Complications of Spinal Cord Injury
- Orthostatic Hypotension, which affects the majority of patients with upper thoracic and cervical injuries. Loss or disruption of descending autonomic neural pathways results in impaired vasoconstriction. The result is the pooling of blood into lower limbs while standing or changing position. This leads to a significant drop in blood pressure levels.
- Autonomic dysreflexia, which results in an often violent response to any painful stimuli or distress below the level of injury. It results in severe spastic attacks, severe fluctuations in blood pressure levels and breathing difficulty. Medical emergency treatment is often required and the condition is potentially fatal.
Urinary Tract Infections and Bladder Complications
Neurogenic Bowel and Gastrointestinal Complications
How Does Epidural Stimulation Help To Reduce The Complications Of Spinal Cord Injury?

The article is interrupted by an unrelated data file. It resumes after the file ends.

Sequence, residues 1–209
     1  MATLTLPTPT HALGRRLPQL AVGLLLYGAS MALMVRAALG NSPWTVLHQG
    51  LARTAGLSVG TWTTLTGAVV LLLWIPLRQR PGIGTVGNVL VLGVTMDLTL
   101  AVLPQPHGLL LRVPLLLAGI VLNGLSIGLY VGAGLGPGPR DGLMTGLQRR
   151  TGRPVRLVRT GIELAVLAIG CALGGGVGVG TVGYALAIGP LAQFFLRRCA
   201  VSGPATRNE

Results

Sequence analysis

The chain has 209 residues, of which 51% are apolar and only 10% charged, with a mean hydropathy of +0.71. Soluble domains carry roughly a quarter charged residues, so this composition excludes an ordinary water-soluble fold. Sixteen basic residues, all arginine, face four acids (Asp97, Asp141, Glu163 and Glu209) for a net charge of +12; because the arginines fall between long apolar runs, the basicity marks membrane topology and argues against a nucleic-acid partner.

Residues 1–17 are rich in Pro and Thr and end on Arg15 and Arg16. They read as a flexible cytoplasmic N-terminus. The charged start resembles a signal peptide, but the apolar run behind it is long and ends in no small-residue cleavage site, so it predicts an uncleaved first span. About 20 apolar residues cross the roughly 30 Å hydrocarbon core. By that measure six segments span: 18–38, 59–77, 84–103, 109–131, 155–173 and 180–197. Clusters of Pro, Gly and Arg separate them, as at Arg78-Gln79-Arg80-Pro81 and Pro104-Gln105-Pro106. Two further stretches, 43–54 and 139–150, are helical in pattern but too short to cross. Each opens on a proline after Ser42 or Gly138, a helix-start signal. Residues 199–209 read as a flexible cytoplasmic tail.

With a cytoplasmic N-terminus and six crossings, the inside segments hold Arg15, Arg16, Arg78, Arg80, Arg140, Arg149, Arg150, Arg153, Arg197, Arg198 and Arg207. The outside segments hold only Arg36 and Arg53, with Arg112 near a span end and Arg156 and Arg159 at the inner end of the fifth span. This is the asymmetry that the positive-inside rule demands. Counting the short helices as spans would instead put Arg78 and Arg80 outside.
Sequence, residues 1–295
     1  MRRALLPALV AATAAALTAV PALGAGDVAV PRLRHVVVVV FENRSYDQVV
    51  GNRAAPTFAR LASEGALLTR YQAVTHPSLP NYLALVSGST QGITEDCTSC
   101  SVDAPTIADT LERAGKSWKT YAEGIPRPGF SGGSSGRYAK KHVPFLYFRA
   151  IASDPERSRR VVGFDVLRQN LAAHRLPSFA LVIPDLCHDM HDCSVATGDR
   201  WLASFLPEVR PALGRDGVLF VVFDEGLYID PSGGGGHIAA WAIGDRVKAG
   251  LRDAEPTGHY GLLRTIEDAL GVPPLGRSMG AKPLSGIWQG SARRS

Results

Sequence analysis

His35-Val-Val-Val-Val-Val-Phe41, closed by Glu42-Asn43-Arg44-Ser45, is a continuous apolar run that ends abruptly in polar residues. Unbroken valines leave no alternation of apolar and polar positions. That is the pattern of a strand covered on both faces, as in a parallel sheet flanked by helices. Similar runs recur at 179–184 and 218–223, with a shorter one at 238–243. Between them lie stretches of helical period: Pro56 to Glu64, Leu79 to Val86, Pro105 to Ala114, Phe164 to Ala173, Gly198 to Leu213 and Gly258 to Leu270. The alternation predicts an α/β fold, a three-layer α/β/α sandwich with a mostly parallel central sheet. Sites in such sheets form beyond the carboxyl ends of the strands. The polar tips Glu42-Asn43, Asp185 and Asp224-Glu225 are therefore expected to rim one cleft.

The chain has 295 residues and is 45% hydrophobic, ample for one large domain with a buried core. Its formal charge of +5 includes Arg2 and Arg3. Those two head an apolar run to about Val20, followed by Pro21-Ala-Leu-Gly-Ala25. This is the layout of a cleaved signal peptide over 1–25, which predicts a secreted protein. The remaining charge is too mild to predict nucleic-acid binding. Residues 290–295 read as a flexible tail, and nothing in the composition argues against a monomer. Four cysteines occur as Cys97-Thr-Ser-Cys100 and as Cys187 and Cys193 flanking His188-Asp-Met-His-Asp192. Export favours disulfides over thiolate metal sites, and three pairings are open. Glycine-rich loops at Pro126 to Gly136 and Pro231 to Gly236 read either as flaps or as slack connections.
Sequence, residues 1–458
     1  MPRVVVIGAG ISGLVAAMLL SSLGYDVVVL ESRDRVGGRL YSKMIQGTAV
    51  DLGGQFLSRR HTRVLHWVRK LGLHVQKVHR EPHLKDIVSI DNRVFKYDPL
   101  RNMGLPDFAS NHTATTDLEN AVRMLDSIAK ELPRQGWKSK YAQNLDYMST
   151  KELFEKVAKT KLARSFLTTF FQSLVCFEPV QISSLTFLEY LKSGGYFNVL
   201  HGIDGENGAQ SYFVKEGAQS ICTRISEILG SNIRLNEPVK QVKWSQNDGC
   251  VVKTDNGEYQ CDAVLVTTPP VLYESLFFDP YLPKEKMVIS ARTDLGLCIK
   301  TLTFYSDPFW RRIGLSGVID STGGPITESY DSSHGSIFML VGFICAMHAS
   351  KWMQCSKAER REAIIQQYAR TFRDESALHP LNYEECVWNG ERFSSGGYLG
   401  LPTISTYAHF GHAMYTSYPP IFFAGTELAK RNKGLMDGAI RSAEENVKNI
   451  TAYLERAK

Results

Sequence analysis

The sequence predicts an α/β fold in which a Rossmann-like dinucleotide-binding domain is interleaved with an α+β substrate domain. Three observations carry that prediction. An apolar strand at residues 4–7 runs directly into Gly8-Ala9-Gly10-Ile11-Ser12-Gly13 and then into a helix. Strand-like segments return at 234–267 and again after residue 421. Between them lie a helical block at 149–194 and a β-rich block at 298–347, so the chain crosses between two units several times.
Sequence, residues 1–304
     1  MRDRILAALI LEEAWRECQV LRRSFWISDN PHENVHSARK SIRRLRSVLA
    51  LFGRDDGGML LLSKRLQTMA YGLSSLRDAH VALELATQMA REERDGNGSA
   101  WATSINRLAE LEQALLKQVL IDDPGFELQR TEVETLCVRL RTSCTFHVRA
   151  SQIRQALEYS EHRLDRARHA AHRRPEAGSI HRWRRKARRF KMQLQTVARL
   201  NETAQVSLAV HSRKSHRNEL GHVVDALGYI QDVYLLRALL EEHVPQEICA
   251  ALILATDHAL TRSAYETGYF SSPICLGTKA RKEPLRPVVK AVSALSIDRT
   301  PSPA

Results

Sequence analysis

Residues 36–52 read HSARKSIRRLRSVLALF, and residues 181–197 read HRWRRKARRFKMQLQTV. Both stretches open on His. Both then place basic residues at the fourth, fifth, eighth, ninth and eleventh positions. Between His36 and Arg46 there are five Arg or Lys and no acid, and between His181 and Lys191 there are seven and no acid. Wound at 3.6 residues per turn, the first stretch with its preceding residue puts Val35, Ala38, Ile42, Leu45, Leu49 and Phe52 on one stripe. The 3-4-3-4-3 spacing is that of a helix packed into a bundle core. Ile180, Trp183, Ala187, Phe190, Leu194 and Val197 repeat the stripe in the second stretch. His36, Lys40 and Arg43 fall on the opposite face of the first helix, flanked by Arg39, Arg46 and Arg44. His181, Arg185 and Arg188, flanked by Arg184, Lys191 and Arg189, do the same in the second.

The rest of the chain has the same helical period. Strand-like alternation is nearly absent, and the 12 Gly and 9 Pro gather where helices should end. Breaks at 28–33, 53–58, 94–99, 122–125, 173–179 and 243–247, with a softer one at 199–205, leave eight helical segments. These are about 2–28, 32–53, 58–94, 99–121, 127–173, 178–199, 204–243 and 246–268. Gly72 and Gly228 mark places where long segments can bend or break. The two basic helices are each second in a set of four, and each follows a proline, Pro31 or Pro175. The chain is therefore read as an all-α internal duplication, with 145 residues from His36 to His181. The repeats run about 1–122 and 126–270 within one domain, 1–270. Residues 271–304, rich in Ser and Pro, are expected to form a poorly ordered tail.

Firstly, cervical spinal cord stimulation results in neuromodulation of phrenic nerve motor neurons. This improves the function of diaphragm muscles and results in improved respirator function and cough reflex. Cervical as well as lumbar spinal cord stimulations enhance the functions of spared autonomic neural pathways. This results in an improvement in autonomic functions. Consequently, patients experience improved regulation of blood pressure levels and ultimately the risk or severity of autonomic dysreflexia is decreased. A spinal stimulator implanted at the lumbar level delivers neuromodulation to the sacral spinal cord and improves bowel and bladder functions. Long-term, this reduces the risks and severity of bowel and bladder complications. Epidural stimulation regulates the upper motor neuron pathways, which can treat or reduce levels of spasticity. Finally, improved muscle function, improved cardiovascular functions and blood circulation, and improved ability to do body weight training all result in reducing the risk of osteopenia or osteoporosis as well as improvements in bone density.
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